Worcester Business Journal

June 21, 2021

Issue link: https://nebusinessmedia.uberflip.com/i/1384148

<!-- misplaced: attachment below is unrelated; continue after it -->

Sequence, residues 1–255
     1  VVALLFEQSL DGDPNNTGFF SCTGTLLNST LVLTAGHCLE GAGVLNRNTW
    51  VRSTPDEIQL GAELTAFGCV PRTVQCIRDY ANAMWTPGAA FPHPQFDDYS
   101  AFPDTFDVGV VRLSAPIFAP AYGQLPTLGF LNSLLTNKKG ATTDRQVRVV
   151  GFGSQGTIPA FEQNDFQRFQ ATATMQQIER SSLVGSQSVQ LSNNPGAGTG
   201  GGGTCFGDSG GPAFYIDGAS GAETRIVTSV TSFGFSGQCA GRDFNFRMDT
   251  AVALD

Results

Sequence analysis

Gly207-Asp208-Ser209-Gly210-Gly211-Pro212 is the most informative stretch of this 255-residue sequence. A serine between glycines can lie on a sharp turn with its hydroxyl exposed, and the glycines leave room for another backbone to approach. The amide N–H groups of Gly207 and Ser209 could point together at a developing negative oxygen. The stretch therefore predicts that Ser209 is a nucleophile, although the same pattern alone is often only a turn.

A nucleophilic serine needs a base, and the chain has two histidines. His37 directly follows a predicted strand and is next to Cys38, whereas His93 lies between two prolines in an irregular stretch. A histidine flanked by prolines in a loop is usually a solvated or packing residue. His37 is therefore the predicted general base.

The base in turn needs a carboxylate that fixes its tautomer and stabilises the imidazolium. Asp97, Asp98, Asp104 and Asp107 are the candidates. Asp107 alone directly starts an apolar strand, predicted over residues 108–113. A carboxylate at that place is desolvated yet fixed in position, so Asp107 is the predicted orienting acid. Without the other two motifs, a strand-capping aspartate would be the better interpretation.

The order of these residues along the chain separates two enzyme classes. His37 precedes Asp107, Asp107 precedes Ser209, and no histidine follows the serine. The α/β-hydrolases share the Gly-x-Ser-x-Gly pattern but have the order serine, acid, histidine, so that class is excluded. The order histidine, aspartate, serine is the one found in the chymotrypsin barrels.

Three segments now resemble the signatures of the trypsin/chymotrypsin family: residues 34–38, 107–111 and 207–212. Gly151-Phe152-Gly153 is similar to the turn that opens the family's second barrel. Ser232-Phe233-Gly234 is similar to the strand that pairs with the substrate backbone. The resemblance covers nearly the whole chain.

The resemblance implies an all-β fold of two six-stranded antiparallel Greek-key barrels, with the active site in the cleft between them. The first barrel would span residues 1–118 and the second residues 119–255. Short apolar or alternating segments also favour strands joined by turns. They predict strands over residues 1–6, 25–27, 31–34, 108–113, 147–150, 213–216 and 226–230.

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wbjournal.com | June 21, 2021 | Worcester Business Journal 19 By AiVi Nguyen AiVI Nguyen is a partner at Worcester law firm Bowditch & Dewey. Reach her at anguyen@ bowditch.com. Though we all may be feeling a little Zoom fatigue, we cannot deny video conferencing is now forever woven into the fabric of the busi- ness world. This is a good thing. We adapted to video conferencing because we had no choice, but moving forward, it is an invaluable time- saving tool for building business relationships difficult to build before. 10) Treat it like an in-person meeting. Ac- tively listen. Let your body language respond as if you are sitting four feet from the person. 9) Know the technology. Fumbling around with sharing your screen signals to a potential client you do not do your homework. 8) Backdrop matters. Your camera needs to be eye level. Your background cannot be distracting, blinding, or resemble a dungeon. 7) Audio matters. If we are in a room together with construction going on outside, it is some- how less distracting than if one person on a Zoom has construction going on outside. 6) Internet matters. When trying to make a good impression, spotty WiFi is the enemy. 5) Schedule for a time you would if it was a live meeting. Monday morning at 8 a.m. may be a more convenient time by Zoom than in person, but is it really that convenient? 4) Schedule for off times. A meeting that begins at 2:15 p.m. instead of 2 p.m. experi- ences less Zoom traffic and thus is less likely to have a bad connection. 3) Script a little more. When you are meeting someone in-person, there just tends to be fewer instances where one is talking over the other and fewer dreaded awkward silences. And if you are bringing a team with you to the Zoom meeting, make sure to plan ahead. 2) Think outside the box. The same way we celebrated birthday parties, reunions, family meetings via Zoom during the pandemic, is the way we should look at socializing with target connections with busy calendars. A cocktail over Zoom today is better than a penciled-in live meeting in a month. 1) Do not overuse Zoom. Treat it like you would a live meeting. You do not need to meet with anyone every single time you have some- thing to say to them. Remember that they are fatigued, too. K N O W H O W A virtual acquisition: Takeaways from a first of its kind E conomic experts say reskilling is needed as a result of the pan- demic, as companies lose profits and experience layoffs due to deglo- balization, digitization, and corporate consolidations. Online consumption is more the norm, with shiing consumer habits. At the same time new skills are needed, and millions are unemployed. Companies should make it clear. SHRM.org cites Bill Berrien, CEO of manufacturer Pindel Global Precision, when reskilling, practicing trans- parency, competency, and currency. Transparency refers to the career-de- velopment learning paths a company provides; competency means a compa- ny should provide opportunities for em- ployees to demonstrate competencies and not just knowledge on the job; and currency is human resources putting a value on reskilling opportunities – stating what they are worth in financial terms. "Jobs should align with the skill sets required and payment recalibrated to reflect those skills," the article states. Realize reskilling is not a temporary fix for lower-level employees. Work- force analytics firm Visier points out reskilling is for all employees, with change only accelerating. "Learning will no longer be a periodic one-and-done process, but a seamless part of work for everyone. Critical manager skill sets will also change because span of control will be broader with the rise of automa- tion." Visier touts using a time-to-pro- ductivity metric to calculate how much learning investment is required. Know the benefits. Companies that reskill employees, as Amazon did in 2019 – having its workers take on new roles in IT support and soware engi- neering with a $700-million training investment – improve employee reten- tion, reduce the cost of filling new roles, attract talent with a growth mindset and boost morale. "Employees who appreciate the benefit of a reskilling culture will also fortify your employee brand," says DigitalHRTech.com. "eir positive feedback can result in referring desirable candidates to apply for your open positions." 1 0 T H I NG S I know about... ...Successfully building relationships via Zoom BY SUSAN SHALHOUB Special to the Worcester Business Journal 101: E F F E C T I V E R E S K I L L I N G W BY JOSEPH KASK Special to the Worcester Business Journal A s CEO of blumshapiro, I worked side by side with our partner group through the extensive due diligence process of our team members joining the national firm CLA (ClionLarsonAllen LLP). Navigating the process of one firm joining another is an intricate, detailed effort even under ordinary circumstances. But as we all know, these are – by far – not ordinary times. With all the restrictions imposed by the COVID-19 pandemic, in-person meetings were nearly impossible to conduct. All negotiations and discussions that brought blumshapiro under the CLA umbrella were accomplished entirely virtually, with conferences held via Teams, Zoom, WebEx, and telephone. During its history, blumshapiro had engaged in a number of acquisitions – and the in-person approach always worked well. Meeting in person provides a greater sense of who people are. Just as you can't discern a tone from an email or a text, a video image does not provide the same perspective as an in-person meeting. You can't read body language in a video, you miss the room's reaction to what is being said, and you're concerned you may not be seeing the whole picture. So, how do you negotiate a task of this magnitude almost entirely virtually? Each side should ask truly probing questions and listen carefully. A discussion starting with "What's in it for our pocketbook?" is rarely productive. e numbers part of the discussion – the debits and credits – is important. But it's vital to also understand the foundation of why the two parties would be better together. It was important for us to see people on both sides were genuine and passionate about the opportunity of joining forces. For us, the benefit of joining CLA would provide greater opportunities for our employees, clients, and community. For CLA, the incentive was its desire to grow the New England market. Although both organizations had a deep understanding of the importance of financials, we recognized – even virtually – this was about much more. Our discussions focused on the importance of our firm cultures, and how closely we shared a common purpose centered around our people, client service, philosophy, and commitment to the communities in which we work and live. As a $1-billion company, and the eighth largest accountancy firm in the U.S., CLA understood the importance of having a strong presence in New England and recognized blumshapiro's strong establishment in the region, stating, "You have the brand and the magic. Let's build New England together." From our first formal meeting on Zoom, it was clear we had something very special. CLA's then-CEO Denny Schleper and current CEO Jennifer Leary were obviously passionate about their company and clear with its vision for the future. We all could see the power of coming together, and our discussions quickly moved from the why to the how. As we enter into our new normal, we will once again have the opportunity for in-person meetings and traditional negotiations. But because of our recent forced dependence on virtual technology, we now have a better understanding of how it can play a vital role in the process. For companies looking to acquire, or be acquired, virtual technology can work. Along with the rest of the former blumshapiro partners, I am personally thankful for how this technology helped us step forward in joining CLA. Joseph Kask is the managing principal of busi- ness advisory firm CLA New England, which merged with blumshapiro in January. W W